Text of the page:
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Sportfish Management in Alabama Ponds

Date Published: May 5, 2003

Sportfish Management in Alabama Ponds

 

Mike J. Newman

 

former District IV Fisheries Supervisor

Enterprise, Alabama

 

Small ponds and lakes represent a significant portion of Alabama’s freshwater resources. Our state has an estimated 50,000 ponds that cover approximately 150,000 acres. Most ponds that have been stocked with largemouth bass and bream (bluegill and redear sunfish) can provide excellent recreational opportunities when properly managed. Management, as it pertains to ponds, is anything that can be done to increase fish production and improve angling success.

The first step in good management is proper construction. A prospective pond owner should contact a representative of the U.S.D.A., Natural Resources Conservation Service (NRCS), which is located in each county. The NRCS can make recommendations regarding location, design, and proper construction. The owner should also utilize a reputable contractor (with references) that is familiar with design and construction of ponds which meets NRCS engineering specifications.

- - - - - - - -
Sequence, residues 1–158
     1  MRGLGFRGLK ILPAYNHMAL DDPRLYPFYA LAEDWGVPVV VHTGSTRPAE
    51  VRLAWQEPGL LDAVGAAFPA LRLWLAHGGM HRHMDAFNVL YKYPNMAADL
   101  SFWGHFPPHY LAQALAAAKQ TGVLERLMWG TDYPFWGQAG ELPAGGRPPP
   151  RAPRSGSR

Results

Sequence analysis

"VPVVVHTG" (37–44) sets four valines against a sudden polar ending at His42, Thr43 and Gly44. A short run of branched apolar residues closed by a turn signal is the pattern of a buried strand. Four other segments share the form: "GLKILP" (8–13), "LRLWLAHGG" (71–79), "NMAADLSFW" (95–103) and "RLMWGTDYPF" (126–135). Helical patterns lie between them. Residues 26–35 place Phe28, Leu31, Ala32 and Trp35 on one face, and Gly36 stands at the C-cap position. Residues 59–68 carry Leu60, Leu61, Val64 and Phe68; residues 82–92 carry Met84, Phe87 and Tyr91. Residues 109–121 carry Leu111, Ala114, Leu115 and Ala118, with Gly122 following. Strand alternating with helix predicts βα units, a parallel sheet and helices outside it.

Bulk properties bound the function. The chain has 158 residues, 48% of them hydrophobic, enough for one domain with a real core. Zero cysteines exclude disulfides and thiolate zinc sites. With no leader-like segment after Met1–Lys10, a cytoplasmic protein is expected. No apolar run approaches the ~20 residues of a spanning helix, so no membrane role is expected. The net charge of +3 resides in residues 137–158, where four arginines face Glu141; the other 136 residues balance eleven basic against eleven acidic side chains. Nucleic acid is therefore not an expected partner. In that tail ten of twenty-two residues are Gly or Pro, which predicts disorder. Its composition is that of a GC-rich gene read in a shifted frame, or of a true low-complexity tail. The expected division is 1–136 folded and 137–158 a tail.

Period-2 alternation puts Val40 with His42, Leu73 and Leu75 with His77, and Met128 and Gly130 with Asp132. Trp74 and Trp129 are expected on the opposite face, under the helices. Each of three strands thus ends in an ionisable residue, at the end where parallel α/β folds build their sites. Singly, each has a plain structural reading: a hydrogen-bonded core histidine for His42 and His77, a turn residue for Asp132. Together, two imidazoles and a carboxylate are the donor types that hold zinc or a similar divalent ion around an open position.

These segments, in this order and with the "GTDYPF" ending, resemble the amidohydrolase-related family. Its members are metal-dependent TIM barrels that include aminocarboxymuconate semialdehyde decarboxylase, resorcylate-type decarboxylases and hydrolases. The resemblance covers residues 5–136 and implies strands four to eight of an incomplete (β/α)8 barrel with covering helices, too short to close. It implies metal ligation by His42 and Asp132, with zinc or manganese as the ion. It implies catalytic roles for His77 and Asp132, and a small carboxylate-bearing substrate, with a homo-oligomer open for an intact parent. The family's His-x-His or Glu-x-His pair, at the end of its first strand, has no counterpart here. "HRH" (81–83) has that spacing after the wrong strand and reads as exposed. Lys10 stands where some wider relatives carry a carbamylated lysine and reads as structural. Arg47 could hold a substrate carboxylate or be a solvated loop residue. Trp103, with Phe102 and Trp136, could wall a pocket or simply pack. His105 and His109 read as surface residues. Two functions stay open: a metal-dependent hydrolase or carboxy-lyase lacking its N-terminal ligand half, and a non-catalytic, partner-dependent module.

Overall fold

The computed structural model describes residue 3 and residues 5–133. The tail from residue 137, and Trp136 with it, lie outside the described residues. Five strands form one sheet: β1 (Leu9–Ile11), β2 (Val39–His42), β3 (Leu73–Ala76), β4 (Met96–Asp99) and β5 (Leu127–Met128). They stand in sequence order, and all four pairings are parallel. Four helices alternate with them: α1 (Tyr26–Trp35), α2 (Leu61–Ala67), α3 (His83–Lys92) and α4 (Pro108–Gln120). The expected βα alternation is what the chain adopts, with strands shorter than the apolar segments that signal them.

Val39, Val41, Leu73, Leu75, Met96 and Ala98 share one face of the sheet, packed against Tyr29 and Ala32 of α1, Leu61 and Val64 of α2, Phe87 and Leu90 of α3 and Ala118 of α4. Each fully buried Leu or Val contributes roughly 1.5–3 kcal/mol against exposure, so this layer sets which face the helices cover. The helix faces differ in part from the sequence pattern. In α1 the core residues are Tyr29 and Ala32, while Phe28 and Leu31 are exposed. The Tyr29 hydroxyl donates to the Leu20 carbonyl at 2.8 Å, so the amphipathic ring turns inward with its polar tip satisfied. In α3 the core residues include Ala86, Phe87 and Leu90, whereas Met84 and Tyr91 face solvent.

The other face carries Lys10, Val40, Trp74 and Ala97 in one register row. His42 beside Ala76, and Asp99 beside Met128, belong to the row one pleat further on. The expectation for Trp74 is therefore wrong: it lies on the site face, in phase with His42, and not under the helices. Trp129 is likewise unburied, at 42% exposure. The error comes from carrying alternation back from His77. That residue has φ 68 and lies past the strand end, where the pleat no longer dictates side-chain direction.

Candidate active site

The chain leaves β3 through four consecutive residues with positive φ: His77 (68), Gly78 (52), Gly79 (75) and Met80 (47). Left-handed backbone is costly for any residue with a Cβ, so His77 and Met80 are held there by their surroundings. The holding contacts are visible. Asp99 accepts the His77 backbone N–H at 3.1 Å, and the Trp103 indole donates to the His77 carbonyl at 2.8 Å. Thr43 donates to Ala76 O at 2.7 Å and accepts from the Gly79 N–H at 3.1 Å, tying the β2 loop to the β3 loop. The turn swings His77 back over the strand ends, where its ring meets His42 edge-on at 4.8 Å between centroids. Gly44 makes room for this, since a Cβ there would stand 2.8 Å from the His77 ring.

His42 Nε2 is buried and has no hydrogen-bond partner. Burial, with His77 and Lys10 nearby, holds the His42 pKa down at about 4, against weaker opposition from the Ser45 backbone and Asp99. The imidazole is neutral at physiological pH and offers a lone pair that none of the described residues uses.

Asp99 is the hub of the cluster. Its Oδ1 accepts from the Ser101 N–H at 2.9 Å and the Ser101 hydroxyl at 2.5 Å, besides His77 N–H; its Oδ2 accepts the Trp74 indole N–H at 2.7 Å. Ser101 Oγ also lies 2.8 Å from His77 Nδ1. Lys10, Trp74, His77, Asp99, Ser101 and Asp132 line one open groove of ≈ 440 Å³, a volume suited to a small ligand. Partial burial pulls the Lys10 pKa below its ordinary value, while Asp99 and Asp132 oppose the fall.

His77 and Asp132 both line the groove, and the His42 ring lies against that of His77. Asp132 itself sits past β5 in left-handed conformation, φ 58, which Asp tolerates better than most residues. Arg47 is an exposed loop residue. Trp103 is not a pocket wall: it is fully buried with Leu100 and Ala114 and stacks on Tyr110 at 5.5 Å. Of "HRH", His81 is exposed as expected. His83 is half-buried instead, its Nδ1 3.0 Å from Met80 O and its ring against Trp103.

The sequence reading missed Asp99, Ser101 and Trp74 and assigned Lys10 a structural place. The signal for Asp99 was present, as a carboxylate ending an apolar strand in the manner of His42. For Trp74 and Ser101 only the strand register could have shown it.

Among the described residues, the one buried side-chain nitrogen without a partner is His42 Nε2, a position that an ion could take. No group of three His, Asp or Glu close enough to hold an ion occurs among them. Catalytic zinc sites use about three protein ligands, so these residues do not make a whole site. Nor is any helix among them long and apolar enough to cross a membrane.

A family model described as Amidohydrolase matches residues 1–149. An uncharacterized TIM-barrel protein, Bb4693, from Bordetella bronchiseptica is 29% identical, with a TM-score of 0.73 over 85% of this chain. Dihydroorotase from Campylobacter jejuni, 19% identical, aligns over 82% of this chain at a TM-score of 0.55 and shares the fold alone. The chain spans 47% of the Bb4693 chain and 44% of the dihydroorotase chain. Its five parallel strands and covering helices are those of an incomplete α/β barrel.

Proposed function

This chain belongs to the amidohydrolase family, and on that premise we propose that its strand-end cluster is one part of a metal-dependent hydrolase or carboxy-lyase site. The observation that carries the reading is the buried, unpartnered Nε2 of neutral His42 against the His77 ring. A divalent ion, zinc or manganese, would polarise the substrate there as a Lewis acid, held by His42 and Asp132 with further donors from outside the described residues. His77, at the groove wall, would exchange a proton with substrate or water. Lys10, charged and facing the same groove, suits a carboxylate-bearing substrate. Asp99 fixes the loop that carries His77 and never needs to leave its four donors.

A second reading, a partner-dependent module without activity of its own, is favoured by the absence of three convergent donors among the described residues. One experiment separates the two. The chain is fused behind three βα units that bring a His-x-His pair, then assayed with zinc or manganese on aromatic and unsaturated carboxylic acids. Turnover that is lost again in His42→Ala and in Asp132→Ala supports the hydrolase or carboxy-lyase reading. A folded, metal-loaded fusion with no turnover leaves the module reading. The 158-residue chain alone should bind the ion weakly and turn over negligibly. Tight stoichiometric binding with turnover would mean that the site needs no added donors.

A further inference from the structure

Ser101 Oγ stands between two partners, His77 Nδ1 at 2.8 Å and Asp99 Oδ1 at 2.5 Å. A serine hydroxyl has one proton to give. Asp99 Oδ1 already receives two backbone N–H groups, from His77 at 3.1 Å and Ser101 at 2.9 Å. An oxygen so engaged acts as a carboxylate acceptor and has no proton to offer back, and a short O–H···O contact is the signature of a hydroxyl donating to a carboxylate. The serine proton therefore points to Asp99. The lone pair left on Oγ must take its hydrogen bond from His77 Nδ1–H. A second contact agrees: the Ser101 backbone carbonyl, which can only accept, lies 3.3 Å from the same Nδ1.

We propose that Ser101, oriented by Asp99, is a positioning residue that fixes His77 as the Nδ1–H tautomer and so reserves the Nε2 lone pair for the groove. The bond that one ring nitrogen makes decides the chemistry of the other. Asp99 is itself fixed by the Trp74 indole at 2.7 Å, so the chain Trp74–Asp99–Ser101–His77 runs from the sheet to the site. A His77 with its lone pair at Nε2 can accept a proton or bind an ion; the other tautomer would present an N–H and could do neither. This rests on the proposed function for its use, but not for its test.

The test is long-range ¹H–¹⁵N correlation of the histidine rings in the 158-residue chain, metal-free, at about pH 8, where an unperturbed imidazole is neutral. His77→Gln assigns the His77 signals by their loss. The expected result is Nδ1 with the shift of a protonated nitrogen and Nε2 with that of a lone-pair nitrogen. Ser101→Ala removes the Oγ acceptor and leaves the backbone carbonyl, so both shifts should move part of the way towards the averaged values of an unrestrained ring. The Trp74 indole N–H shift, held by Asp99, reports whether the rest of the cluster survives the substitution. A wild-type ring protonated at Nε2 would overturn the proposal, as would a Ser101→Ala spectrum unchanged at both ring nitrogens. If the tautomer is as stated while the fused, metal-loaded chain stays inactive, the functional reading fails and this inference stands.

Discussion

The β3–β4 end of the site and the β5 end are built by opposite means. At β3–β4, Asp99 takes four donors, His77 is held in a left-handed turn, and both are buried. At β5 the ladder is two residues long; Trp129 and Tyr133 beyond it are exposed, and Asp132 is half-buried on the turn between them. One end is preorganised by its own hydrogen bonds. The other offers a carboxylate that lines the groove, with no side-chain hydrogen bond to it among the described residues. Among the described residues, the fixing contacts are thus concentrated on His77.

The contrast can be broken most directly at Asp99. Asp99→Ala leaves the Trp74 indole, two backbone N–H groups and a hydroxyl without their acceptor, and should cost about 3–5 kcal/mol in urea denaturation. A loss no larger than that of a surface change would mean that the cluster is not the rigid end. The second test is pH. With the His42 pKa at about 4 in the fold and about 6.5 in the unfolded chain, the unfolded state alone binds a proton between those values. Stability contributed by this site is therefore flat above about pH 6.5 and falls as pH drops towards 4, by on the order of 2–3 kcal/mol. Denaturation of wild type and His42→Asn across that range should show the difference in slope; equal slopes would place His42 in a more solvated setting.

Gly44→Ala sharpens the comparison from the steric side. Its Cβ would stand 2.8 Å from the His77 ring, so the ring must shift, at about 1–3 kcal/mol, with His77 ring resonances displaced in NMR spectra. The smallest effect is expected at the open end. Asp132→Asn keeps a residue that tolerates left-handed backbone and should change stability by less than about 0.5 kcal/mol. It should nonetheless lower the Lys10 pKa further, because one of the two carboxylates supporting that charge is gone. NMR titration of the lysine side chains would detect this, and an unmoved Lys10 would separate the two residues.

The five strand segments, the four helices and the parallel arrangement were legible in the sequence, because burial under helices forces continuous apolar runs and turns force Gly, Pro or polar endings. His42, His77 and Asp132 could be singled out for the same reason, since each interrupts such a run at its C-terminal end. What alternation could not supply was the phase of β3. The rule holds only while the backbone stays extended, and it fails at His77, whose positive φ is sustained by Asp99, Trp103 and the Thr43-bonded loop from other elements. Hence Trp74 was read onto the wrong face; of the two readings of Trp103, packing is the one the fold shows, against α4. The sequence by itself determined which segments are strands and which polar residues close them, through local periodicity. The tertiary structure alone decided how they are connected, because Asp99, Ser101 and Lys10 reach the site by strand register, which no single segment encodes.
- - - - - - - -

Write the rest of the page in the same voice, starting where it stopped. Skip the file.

While the pond is under construction, a fisheries biologist should be consulted regarding recommendations that would enhance the fishing. For example, brush piles or standing trees can be left in specified areas to serve as fish attractors. Advice can also be given regarding underwater contours (mounds or ditches), suitable sites for spawning substrate (gravel), or placement of docks and piers. While the pond is under construction is a good time apply agricultural limestone to the pond bottom.